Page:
Can I avoid sales tax on my aircraft by registering it in a Delaware Corporation?
By Thomas A. Alston
Many people believe that they can set up an LLC in Delaware or any other location outside California in order to avoid sales or use tax in California. The state where the LLC or corporation is registered has nothing to do with legally avoiding tax in California. In fact, as I have mentioned before many times, don't leave things to chance.
If the State of California decides to, they can charge you with fraud. The following section of law will be their support.
6485.1. 50 percent penalty. Any purchaser of a vehicle, vessel, or aircraft who registers it outside the State of California for the purpose of evading the payment of taxes due under this part shall be liable for a penalty of 50 percent of any tax determined to be due on the sales price of the vehicle, vessel, or aircraft.
Why don't I just become an aircraft dealer so I can buy aircraft without paying tax?
Everyone knows someone who routinely brags about this resale scheme. Well the following sections of law explain the truth.
6094.5. Improper use of certificate. Except as provided in Sections 6012.8 and 6012.9:
(a) Any person, including any officer or employee of a corporation, who gives a resale certificate for property which he or she knows at the time of purchase is not to be resold by him or her or the corporation in the regular course of business for the purpose of evading payment to the seller of the amount of the tax applicable to the transaction is guilty of a misdemeanor punishable as provided in Section 7153.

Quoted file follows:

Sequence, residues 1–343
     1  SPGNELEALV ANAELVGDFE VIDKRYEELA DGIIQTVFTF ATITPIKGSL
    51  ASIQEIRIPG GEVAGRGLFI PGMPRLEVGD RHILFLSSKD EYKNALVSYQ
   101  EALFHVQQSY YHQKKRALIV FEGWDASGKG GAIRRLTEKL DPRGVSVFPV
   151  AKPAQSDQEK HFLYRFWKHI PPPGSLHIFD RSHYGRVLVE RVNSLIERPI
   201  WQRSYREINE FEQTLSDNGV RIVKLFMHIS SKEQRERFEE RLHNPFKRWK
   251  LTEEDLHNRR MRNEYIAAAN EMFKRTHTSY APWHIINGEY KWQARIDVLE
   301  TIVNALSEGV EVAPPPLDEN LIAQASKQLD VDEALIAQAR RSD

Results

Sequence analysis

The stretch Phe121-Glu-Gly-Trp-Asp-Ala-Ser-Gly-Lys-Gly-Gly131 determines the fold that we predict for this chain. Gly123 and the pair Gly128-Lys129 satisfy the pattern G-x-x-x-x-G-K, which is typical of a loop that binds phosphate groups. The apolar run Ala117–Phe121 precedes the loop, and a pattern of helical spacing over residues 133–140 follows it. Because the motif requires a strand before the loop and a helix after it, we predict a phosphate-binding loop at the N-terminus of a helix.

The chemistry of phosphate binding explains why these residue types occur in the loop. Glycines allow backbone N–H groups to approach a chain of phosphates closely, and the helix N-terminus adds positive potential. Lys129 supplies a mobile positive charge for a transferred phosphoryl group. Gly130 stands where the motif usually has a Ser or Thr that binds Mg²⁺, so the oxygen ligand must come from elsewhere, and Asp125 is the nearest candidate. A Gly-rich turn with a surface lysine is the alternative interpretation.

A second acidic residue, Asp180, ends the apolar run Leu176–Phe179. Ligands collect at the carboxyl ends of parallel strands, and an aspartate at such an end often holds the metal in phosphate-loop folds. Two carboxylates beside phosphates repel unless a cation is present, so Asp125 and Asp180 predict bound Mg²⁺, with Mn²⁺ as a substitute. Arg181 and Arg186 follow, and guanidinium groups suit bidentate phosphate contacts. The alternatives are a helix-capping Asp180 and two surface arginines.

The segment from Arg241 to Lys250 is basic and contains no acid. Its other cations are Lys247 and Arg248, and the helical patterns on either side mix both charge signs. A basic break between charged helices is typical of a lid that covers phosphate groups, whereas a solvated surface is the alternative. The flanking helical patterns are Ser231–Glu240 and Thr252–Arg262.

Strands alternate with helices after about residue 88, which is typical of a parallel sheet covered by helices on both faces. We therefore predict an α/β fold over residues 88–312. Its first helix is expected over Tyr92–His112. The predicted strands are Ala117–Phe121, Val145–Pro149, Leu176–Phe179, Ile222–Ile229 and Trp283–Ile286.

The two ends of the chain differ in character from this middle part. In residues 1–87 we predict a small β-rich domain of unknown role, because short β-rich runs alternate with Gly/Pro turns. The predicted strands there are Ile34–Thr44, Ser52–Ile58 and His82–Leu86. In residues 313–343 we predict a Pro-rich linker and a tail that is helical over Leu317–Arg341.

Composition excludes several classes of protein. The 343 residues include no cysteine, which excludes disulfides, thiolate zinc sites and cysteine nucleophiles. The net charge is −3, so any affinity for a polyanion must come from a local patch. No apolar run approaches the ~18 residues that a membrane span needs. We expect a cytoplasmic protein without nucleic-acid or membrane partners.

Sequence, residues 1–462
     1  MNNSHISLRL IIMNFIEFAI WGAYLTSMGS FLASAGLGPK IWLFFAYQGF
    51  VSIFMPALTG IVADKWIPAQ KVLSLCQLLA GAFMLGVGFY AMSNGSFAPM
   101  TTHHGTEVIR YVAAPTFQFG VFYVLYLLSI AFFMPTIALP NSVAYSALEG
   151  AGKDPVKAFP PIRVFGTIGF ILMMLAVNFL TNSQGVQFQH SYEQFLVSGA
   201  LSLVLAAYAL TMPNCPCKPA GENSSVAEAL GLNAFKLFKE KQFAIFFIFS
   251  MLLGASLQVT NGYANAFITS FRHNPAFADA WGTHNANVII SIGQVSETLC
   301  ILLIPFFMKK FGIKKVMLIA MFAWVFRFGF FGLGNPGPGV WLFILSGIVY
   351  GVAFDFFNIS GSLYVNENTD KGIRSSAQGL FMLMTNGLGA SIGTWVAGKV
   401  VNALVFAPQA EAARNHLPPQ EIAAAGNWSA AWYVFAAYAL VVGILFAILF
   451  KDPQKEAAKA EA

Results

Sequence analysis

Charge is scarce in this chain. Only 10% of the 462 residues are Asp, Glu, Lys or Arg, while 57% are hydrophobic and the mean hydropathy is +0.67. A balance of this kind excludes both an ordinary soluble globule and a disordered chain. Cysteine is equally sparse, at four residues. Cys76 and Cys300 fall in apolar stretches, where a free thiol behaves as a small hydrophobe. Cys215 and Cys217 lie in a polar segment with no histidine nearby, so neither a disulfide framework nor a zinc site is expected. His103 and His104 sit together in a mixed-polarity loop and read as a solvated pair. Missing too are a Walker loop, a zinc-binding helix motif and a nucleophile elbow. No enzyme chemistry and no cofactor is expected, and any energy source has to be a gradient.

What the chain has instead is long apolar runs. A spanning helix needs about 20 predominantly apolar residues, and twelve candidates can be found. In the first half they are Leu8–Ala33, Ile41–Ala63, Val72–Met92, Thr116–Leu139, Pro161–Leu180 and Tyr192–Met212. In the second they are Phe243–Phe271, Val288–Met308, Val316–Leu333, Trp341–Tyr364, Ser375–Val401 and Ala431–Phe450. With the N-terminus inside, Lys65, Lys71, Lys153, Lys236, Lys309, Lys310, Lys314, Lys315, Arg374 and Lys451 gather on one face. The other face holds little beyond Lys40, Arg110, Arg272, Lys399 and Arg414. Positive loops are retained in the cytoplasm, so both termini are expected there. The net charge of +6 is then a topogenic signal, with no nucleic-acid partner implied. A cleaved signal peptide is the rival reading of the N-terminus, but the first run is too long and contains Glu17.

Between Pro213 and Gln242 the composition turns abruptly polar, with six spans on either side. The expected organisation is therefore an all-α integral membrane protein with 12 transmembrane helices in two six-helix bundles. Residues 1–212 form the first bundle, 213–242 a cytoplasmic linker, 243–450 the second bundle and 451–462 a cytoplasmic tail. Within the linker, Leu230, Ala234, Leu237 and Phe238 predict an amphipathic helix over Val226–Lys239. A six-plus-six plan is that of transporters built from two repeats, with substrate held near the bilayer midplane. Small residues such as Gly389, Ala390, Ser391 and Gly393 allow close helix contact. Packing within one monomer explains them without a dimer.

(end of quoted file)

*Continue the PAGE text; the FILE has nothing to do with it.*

(b) Any person, including any officer or employee of a corporation, who gives a resale certificate for property which he or she knows at the time of purchase is not to be resold by him or her or the corporation in the regular course of business is liable to the state for the amount of tax that would be due if he or she had not given such resale certificate. In addition to the tax, the person shall be liable to the state for a penalty of 10 percent of the tax or five hundred dollars ($500) whichever is greater, for each purchase made for personal gain or to evade the payment of taxes.
About the Author
Mr. Alston has written California sales tax articles for The Successful Accountant, Inflight USA, San Diego Business & Aviation Journal, Van Nuys Business & Aviation Journal and the Sacramento Business Journal. His newsletter called "TAX MATTERS" is dedicated to keeping California owners of aircraft informed about taxes. http://www.aeromarinetaxpros.com.
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